Assembly Speaker Finds Fall Guy: Another Sheldon Silver
By RUSS BUETTNER MAY 22, 2014
To Sheldon Silver, the powerful speaker of the New York State Assembly, it was nothing but a simple case of mistaken identity.
In the 1970s, Mr. Silver, a Democrat, worked with a new nonprofit group, the United Jewish Council of the East Side, to block low-income housing on a large, barren site in his district on the Lower East Side of Manhattan, the beginning of a decades-long effort that was described in a recent article in The New York Times.
From that article describing the ancient alliance between Speaker Silver and William E. Rapfogel of the publicly-supported Metropolitan Council on Jewish Poverty:
The long-ago walk [in 1977] was the first public display of an alliance that became central to the lives and careers of both Mr. Rapfogel and Mr. Silver. They worked together across the decades while climbing parallel ladders: Mr. Silver to Assembly speaker and Mr. Rapfogel to leadership of the Metropolitan Council on Jewish Poverty, a large, publicly financed charity.
But their long affiliation came to an abrupt end last year when Mr. Rapfogel, 59, was arrested and charged in a scheme that had allegedly looted more than $7 million in kickbacks from Met Council’s insurance broker over the years. He is due back in court in April.
The arrest cast new light on a relationship about which little was known beyond the obvious: Mr. Silver has funneled millions of public dollars to the organization that Mr. Rapfogel led, and he employs Mr. Rapfogel’s wife, Judy, as his chief of staff.
A primary focus of their alliance had been a struggle to preserve the Jewish identity of the neighborhood they delivered for Mr. Koch all those years ago.
Their battleground was some 20 barren acres along the southern side of Delancey Street, where, in 1967, the city leveled blocks of rundown apartment buildings. More than 1,800 low-income families, largely Puerto Rican, were sent packing and promised a chance to return to new apartments someday. Now, nearly 50 years later, the land is still a fallow stretch of weed- and rat-ridden parking lots, though in the waning days of the Bloomberg administration, the city announced that the land would finally be developed into a complex called Essex Crossing, to include retail markets, restaurants, office and cultural space. And new apartments. ...
|The future Essex Crossing|
But an extensive review of the archives of four mayors and more than two dozen interviews show Mr. Silver and Mr. Rapfogel diligently working behind the scenes to promote specific plans and favored developers. Mr. Rapfogel made clear that the goal was to maintain the area’s Jewish identity, seemingly at the expense of other communities.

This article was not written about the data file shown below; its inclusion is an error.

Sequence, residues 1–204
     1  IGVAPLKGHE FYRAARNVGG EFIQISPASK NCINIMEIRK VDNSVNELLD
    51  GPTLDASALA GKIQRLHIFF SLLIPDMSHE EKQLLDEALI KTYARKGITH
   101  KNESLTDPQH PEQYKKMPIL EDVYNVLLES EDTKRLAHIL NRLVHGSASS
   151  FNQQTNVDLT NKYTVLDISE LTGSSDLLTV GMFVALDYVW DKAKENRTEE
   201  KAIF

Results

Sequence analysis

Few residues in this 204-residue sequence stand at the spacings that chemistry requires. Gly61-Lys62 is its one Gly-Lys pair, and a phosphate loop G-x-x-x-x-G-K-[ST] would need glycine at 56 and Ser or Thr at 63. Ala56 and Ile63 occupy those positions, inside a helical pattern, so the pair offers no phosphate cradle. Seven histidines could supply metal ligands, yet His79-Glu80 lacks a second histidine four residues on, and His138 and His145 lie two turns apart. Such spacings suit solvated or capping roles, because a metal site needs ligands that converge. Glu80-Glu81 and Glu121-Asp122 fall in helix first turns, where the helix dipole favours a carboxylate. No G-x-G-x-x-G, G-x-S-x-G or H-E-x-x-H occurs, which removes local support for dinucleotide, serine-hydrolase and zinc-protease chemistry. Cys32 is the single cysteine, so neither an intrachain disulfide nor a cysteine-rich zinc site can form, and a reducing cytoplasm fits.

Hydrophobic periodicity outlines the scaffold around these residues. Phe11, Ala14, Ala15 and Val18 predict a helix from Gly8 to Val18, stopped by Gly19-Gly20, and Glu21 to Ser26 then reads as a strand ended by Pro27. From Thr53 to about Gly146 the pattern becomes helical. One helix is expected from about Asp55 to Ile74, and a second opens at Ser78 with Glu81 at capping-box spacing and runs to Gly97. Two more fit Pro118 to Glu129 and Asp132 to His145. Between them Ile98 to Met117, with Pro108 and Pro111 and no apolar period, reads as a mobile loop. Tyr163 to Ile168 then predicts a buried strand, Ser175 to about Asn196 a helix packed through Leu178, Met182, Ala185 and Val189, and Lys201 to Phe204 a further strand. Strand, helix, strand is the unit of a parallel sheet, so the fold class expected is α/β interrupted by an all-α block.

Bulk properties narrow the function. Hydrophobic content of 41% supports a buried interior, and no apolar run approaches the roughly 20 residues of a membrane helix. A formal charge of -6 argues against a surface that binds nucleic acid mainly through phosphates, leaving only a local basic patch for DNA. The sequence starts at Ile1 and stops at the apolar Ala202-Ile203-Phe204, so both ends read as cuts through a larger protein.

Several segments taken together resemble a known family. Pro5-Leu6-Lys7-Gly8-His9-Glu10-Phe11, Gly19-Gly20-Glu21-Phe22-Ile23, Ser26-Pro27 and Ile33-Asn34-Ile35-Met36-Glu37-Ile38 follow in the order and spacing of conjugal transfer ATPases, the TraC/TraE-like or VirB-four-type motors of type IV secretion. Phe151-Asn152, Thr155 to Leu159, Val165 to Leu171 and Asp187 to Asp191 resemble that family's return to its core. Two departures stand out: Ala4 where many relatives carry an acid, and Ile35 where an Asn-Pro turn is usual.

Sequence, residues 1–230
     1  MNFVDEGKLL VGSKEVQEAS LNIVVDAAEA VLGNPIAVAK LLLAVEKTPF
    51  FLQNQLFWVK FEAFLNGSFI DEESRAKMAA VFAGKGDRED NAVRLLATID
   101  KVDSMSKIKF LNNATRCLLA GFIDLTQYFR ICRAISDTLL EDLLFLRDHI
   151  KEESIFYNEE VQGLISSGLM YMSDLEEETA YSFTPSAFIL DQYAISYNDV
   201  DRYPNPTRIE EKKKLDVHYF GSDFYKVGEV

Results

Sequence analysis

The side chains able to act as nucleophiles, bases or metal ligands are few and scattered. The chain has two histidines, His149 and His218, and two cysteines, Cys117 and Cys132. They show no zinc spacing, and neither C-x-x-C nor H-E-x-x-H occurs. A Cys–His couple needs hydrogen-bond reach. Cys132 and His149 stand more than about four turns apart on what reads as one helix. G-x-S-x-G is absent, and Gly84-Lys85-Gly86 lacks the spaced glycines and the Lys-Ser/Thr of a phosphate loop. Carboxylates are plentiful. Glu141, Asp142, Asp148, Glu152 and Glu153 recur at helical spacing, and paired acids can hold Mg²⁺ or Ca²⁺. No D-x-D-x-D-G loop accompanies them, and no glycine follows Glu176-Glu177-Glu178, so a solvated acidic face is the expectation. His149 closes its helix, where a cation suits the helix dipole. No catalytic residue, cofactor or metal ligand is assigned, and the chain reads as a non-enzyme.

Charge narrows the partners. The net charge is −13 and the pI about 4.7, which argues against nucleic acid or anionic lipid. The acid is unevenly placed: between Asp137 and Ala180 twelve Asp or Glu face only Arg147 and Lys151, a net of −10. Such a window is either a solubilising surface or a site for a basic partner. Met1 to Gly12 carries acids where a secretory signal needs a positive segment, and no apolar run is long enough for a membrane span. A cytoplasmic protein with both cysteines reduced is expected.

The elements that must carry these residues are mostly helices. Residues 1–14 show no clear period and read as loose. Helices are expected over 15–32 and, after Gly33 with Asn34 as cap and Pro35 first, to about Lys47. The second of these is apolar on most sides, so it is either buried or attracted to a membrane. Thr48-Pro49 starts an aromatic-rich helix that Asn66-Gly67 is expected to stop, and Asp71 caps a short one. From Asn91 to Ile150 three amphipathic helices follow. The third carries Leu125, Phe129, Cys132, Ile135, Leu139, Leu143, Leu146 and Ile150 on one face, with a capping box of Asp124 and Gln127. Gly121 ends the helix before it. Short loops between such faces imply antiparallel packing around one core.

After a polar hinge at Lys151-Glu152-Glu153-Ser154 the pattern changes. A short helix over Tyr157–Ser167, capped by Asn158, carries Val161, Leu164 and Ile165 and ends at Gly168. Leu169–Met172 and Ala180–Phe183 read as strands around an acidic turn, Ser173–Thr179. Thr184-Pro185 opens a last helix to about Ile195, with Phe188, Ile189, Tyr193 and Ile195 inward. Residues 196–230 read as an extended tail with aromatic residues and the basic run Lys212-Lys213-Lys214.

Mr. Silver and Mr. Rapfogel steadfastly opposed any mention of affordable housing, which would have altered the demographics of the neighborhood and put Mr. Silver’s political base in question. And Mr. Silver appears to have occasionally misrepresented the desires of his Chinese and Hispanic constituents in conversations with city officials to quash housing plans for the site.
“They’re the reason that this site has been empty for 50 years,” said Edward Delgado, known as Tito, who was a teenager when the city cleared the blocks and his family was evicted. He has been advocating for affordable homes at the site in the decades since.
From today's follow-up article:
Those actions, Mr. Silver insisted after the article was published, were actually taken by another man: Sheldon E. Silver, a Minneapolis-born lawyer who moved to Brooklyn in the early 1970s and died in 2001.
“I was forever confused with this guy,” Mr. Silver said at a breakfast he hosted on Thursday at the state Democratic Party convention. “Even after he left there, I got phone calls from people who I knew.”
Mr. Silver’s spokesman, Michael Whyland, said in an email that the other Mr. Silver “was a counsel to U.J.C. in the ’70s and early ’80s.”
“You can understand why he would be upset,” Mr. Whyland said in a subsequent telephone call.
But the documents cited in the article make clear that Speaker Silver — a master at distancing himself from controversies and scandals in his chamber — was in fact the person who pressed New York City officials to allow an international mall to be built on the site, instead of low-income housing. The letter quoted was written on his official stationery from the Assembly. And minutes of the meetings with city officials clearly identify Mr. Silver as the lawmaker, not the similarly named lawyer from Brooklyn.
After Mr. Silver’s office saw those documents, it dropped its request for a correction on which Mr. Silver pressed for the mall in the 1970s.